Dangerous discipleship: Confusing means and ends
If there is any clear danger in a series of blog posts of this kind, it is that someone will not understand the place of observant living in the larger scheme of Christian life. We are concerned here, not with ends or the goal of Christian living, but with the means to those ends.
In his famous conversation with Nicholas Motovilov, St. Seraphim of Sarov said, “Prayer, fasting, vigil, and all other Christian practices, however good they may be in themselves, do not constitute the aim of our Christian life, although they serve as the indispensable means of reaching this end” (Little Russian Philokalia 1: St. Seraphim [Platina, CA: St. Herman of Alaska Brotherhood, 1991], 86 [italics added]). The aim, or end, we are seeking is our salvation; the means to salvation is a life of repentance, part of which includes observant living. To repeat, by “observant living,” I mean the how of Orthodox discipleship: how to live an Orthodox Christian life, day in and day out. Anyone who tries to make of Orthodox practices ends in themselves has missed the point completely, and that person risks very serious pitfalls, for example, of legalism, externalism and spiritual pride.
Legalism arises when someone thinks he can be saved by keeping a set of rules and regulations. Such a person thinks, “If I do this and this and this, I will be a ‘good Orthodox’ and will be saved.” Legalism is an attitude that should be foreign to the Orthodox Christian, but, alas, it is a common affliction. Orthodoxy is not legalistic, and there is no list of things a person can do to be accounted a “good Orthodox.” The measure of all things is the Father’s love for us. We do not try to purchase His love with good conduct. Rather, being in love with Him we seek every possible means to increase that love and to please Him. The means to increasing our love for God is repentance, and here we find the real impetus for observance: observant living serves the pursuit of the Father’s love because it contributes to a repentant way of life. Observance can help you to attain love for God and your neighbor; it is not a substitute for love.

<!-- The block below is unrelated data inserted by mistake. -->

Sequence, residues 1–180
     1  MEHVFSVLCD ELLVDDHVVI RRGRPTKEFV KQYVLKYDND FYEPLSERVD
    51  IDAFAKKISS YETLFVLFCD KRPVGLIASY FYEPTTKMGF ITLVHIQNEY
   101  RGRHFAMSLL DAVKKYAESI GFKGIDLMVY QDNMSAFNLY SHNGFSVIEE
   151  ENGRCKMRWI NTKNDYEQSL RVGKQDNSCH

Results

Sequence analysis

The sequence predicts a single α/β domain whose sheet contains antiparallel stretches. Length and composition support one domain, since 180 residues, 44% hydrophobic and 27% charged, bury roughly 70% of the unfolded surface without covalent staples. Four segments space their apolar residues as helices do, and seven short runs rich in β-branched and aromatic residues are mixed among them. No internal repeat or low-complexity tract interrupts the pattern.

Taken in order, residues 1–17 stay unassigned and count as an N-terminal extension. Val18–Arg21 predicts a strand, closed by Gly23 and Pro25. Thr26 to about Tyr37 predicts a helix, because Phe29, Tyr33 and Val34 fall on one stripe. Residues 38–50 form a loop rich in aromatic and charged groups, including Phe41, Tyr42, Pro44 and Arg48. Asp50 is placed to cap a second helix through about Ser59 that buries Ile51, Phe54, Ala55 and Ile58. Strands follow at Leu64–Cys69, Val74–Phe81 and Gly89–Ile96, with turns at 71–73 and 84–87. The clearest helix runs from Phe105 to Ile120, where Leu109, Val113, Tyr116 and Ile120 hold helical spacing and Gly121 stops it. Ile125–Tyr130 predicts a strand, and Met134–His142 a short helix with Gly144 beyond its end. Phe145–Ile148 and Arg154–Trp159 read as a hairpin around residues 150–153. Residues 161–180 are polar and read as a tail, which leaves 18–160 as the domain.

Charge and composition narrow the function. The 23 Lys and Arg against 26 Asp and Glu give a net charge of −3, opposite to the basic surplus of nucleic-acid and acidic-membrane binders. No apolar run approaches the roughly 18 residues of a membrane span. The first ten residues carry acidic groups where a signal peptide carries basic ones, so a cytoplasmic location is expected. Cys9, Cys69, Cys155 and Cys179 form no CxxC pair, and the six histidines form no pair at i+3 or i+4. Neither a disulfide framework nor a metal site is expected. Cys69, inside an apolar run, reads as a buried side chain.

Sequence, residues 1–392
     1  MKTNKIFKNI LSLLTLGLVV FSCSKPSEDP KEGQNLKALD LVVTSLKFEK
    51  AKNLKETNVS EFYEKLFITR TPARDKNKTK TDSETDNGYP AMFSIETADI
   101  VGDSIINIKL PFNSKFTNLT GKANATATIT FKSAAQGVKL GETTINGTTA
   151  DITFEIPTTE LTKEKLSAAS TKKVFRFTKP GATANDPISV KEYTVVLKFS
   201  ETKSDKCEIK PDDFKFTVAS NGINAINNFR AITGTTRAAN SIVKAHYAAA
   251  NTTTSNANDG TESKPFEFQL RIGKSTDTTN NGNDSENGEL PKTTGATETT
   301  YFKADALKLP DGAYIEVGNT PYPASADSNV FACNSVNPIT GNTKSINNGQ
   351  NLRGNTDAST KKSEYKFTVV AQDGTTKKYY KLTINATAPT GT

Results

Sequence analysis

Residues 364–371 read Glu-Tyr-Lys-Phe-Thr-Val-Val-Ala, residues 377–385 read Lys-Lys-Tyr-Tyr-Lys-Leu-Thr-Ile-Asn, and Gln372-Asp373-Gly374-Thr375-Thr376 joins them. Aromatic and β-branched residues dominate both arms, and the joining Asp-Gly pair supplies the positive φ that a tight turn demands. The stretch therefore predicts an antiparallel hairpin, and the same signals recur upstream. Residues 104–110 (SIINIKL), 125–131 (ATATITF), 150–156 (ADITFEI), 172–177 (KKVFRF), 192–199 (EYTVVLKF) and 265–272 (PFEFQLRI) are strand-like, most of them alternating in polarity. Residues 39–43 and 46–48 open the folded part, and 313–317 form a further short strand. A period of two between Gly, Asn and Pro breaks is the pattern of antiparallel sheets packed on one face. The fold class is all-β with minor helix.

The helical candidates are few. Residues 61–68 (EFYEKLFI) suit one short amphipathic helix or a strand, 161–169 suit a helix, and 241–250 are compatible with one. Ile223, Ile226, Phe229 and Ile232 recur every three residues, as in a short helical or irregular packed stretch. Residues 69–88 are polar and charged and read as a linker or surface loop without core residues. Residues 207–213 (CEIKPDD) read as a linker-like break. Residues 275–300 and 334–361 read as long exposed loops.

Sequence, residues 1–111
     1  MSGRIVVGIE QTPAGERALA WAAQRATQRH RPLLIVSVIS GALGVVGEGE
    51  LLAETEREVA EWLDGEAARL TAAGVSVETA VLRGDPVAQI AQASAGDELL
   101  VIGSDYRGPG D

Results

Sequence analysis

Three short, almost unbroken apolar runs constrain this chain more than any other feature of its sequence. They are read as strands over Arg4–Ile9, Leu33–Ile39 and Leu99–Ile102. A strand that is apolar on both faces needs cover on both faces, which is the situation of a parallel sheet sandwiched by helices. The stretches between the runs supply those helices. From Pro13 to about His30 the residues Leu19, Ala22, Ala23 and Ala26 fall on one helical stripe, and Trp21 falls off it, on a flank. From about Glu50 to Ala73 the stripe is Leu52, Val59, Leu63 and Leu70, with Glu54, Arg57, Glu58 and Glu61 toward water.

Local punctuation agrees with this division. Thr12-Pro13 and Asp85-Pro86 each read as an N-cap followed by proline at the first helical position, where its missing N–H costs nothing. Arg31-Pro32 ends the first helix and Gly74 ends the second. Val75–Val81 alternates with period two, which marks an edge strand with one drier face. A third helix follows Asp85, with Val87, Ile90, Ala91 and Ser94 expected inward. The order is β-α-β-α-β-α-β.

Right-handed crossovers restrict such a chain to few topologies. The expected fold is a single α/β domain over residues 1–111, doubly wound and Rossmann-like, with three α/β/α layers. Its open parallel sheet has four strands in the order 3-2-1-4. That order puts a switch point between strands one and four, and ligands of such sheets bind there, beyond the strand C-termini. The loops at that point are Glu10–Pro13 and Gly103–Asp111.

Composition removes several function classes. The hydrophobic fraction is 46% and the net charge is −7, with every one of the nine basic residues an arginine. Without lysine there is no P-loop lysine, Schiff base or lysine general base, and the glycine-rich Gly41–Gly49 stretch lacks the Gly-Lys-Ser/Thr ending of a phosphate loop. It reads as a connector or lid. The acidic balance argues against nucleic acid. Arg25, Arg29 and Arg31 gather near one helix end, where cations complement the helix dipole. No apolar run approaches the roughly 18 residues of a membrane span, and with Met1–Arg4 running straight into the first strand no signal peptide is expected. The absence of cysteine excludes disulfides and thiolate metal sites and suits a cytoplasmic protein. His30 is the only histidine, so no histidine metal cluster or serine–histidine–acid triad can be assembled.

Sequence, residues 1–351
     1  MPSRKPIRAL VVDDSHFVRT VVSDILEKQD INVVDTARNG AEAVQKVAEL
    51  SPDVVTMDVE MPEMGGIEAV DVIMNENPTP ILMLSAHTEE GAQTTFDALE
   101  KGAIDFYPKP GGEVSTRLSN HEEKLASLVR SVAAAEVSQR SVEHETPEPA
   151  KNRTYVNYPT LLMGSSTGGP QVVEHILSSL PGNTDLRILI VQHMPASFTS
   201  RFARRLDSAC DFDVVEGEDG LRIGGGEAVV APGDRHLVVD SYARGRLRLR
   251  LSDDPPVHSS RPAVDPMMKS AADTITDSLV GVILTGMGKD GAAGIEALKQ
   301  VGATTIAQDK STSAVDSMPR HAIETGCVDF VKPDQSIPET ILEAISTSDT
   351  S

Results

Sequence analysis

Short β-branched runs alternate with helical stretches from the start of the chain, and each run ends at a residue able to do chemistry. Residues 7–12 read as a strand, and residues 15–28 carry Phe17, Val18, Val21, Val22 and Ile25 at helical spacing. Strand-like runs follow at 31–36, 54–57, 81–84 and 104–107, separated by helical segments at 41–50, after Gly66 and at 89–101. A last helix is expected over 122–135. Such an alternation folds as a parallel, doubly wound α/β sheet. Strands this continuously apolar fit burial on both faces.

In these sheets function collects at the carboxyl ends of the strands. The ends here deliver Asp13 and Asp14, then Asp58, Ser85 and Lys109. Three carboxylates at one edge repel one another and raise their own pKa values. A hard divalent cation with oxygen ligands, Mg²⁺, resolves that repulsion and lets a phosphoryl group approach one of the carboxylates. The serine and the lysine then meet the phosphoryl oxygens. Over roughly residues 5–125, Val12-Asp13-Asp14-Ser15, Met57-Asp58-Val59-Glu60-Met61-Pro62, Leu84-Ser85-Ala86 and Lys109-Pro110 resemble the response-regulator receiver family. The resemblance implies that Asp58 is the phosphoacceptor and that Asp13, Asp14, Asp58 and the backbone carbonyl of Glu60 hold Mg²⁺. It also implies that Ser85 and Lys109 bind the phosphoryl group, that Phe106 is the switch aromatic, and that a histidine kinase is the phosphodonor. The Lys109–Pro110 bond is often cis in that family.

I remember having a hard time with legalism when I converted from the Roman Catholic Church. The Catholic Church had (still has?) minimum requirements for people by which they can gauge themselves “good Catholics,” for example, attending Mass on Sunday and Holy Days of Obligation, confessing annually, obeying the marriage laws of the Church, etc. Check off the list, and you’re a “good Catholic.” When I became Orthodox, I assumed there was a similar list of minimum requirements for Orthodox, as well. It took a long time for me to realize that the Orthodox Church doesn’t have a set of minimums, but a set of maximums instead. The bar is set very high for Orthodox Christians, and we often fall short. But better to fall short of high expectations, acknowledge our weakness and strive to do better, than to rest content that we have accomplished a set of minimums and become complacent or proud.
Externalism comes about when someone fails to concern himself with the “internal” realities of Orthodox life: repentance, forgiveness, humility, love, faith, etc. External observance is much easier to achieve… and it is not so hard on the conscience. As a result, some people make external observance and outward conduct the whole domain of their spiritual effort. They may have the appearance of piety, but God forbid that we become whitewashed tombs (see Mt 23.27). Our Lord has told us not to omit the external things, but to give more attention to “the weightier matters of the Law” (Mt 23.23) which are the “internal,” spiritual realities, if you will.
Finally, spiritual pride attacks someone who is pleased with his observance: he says his daily prayers, he tithes, he crosses himself and bows at all the right times. Now all these things are good—in fact, I’m putting a lot of time and effort precisely into describing these sorts of things and getting people to do them—, but we can’t rest there or take too much satisfaction in them. (They are only the means, not the end.) Otherwise, having patted ourselves on the back that we’ve done something good, we become like the Pharisee (“I thank you, Lord, that I am not like other men”), when we should strive to be like the Publican and say, “I have done nothing good. O God, be merciful to me a sinner” (Lk 18.13).
Thoughts or comments?